Now, Allmendinger enters the weekend with big expectations and a boatload of pressure. This Sunday’s race is almost certainly Allmendinger’s only chance of making the Chase, and with the newly added pressure of being the proverbial favorite, he is in for a challenging weekend. Can he actually live up to his reputation and seal a Chase bid for his No. 47 team? That’ll be a story that likely stays relevant all the way until the checkered flag falls on Sunday’s race.
3. Will wackiness once again alter the race?
Hard racing, large wrecks and big-time drama have become hallmarks of the racing at Watkins Glen over the past half-decade, and it has quickly become a fan-favorite destination on the circuit. A combination of factors have helped the Glen become one of the most intriguing facilities in the sport. Grippy high-downforce cars, double-file restarts and increased road racing competency on the part of the drivers have all been factors in the sudden elevation of excitement at Watkins Glen, and that is all expected to continue in full on Sunday.
But of course, plain ‘ol hard racing has not been the only factor in the high level of drama seen in Upstate New York over the past few years. For whatever reason, Watkins Glen has been memorable for having unusual circumstances alter the course of the race seemingly every year. In 2012, oil on the track went unnoticed by NASCAR in the final laps of the race, leading to a slip-and-slide duel between Brad Keselowski and Marcos Ambrose on the race’s final lap that will be remember for years.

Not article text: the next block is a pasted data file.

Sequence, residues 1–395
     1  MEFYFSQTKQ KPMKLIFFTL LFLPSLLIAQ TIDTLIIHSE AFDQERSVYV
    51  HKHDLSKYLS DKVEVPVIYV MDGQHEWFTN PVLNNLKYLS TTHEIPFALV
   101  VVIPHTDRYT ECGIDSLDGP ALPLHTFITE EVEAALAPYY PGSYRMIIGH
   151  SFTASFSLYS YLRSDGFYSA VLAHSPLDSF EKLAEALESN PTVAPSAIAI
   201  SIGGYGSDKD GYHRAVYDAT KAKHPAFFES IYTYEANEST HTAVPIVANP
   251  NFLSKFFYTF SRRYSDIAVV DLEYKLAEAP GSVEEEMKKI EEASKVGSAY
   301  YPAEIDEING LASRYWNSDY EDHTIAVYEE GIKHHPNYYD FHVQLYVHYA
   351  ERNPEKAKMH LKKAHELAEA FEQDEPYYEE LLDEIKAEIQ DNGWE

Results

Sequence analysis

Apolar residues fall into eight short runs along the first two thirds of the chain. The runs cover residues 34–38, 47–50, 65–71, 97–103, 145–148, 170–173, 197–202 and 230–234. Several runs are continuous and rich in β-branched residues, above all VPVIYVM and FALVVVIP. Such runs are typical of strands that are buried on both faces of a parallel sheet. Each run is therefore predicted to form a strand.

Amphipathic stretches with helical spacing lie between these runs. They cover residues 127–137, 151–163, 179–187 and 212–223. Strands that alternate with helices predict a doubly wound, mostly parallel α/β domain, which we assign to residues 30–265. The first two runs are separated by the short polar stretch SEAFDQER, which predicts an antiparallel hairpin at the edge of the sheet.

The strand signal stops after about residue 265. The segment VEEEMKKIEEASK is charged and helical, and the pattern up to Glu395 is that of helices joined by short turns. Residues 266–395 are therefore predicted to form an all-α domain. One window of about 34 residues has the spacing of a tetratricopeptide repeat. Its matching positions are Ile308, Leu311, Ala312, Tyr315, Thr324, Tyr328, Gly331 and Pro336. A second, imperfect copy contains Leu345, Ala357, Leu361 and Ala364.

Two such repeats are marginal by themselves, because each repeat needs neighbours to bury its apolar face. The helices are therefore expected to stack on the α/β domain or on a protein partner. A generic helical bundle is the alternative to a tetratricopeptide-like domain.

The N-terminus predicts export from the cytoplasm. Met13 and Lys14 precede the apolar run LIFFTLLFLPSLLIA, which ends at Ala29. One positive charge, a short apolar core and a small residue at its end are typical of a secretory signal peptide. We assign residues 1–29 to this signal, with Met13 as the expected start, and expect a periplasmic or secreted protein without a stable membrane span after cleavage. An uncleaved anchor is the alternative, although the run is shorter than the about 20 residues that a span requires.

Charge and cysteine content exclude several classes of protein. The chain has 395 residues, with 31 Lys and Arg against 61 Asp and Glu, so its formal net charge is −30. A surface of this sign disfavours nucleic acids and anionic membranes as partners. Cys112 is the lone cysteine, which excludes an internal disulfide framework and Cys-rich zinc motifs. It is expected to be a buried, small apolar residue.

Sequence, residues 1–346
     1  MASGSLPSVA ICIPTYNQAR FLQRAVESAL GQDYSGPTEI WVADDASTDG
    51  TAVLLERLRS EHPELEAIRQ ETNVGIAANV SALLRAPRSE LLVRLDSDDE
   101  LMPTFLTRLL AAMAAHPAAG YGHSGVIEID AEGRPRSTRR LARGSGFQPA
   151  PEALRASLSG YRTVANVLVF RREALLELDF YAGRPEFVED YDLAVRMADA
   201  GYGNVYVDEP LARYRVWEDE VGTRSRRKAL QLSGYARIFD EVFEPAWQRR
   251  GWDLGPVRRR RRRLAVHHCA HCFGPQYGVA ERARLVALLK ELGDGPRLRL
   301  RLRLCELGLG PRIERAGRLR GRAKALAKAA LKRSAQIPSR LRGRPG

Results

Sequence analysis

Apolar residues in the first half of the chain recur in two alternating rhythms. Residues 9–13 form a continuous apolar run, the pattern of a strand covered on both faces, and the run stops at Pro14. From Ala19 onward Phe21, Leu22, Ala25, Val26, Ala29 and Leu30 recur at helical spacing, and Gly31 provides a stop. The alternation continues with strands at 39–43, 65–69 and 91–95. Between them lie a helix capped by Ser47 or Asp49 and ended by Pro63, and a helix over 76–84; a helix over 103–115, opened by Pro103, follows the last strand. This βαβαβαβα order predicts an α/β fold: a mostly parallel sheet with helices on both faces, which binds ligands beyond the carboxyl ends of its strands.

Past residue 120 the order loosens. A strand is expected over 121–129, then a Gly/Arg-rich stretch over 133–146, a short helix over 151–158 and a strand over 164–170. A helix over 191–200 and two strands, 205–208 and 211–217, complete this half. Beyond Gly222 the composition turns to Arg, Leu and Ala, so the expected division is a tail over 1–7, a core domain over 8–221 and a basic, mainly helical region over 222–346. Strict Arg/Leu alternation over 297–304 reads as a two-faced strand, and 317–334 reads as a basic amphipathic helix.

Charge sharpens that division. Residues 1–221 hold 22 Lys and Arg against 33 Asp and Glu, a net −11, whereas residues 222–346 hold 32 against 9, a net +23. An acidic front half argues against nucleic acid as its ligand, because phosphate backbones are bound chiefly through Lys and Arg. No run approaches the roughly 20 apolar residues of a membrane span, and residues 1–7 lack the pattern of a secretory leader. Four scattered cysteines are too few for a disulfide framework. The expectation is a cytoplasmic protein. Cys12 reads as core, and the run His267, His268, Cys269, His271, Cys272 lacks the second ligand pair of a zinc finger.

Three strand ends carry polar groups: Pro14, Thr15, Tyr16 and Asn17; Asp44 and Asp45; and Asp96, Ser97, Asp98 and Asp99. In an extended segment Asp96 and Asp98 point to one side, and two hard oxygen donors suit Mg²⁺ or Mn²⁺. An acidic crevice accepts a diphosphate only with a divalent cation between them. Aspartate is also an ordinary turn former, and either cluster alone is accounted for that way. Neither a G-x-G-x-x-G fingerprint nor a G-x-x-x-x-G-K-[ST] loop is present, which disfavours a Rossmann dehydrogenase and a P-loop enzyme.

Last year, a series of incredibly unusual accidents led to multiple red flags needing to be thrown.In fact, even going back to 2008, strange wrecks, weather anomalies and other sorts of general weirdness have impacted the races at the track seemingly every year.
Could the 2015 race see more of the same? There’s actually a compelling reason to believe it could. For the first time ever, NASCAR is allowing the teams to run in the rain on road courses.
That means if it rains on Sunday (and there’s roughly a 20 percent chance that it could), we could see the first ever wet weather Sprint Cup race in the sport’s history.
4. Will clarity be found with the MWR situation?
Last week, everyone in the NASCAR world was buzzing over the news of Michael Waltrip Racing co-owner Rob Kauffman’s intent to purchase a stake in Chip Ganassi Racing’s team. The news obviously has left MWR in limbo, as no one quite know what is going to happen to the team over the next year and a half. Some think MWR will essentially be merged into CGR, others think Furniture Row Racing will absorb the No. 55 car. Seemingly everyone has a unique take on what they think will happen to the team.
The truth is, we really don’t know what is going to happen.
What we do know, however, is that Kauffman has made it clear that if MWR can either win a race or make the Chase before the end of 2015, it could end up being the difference in the team exisiting or not after this season, at least in its current form. Given that Watkins Glen is by far the team’s best remaining track on the schedule, this could be it for everyone at MWR. If David Ragan or Clint Bowyer can clinch a miraculous Chase berth with a win, it could completely shake up the fabric of silly season, and I believe that Sunday is their only real chance to pull it off.
No pressure, right?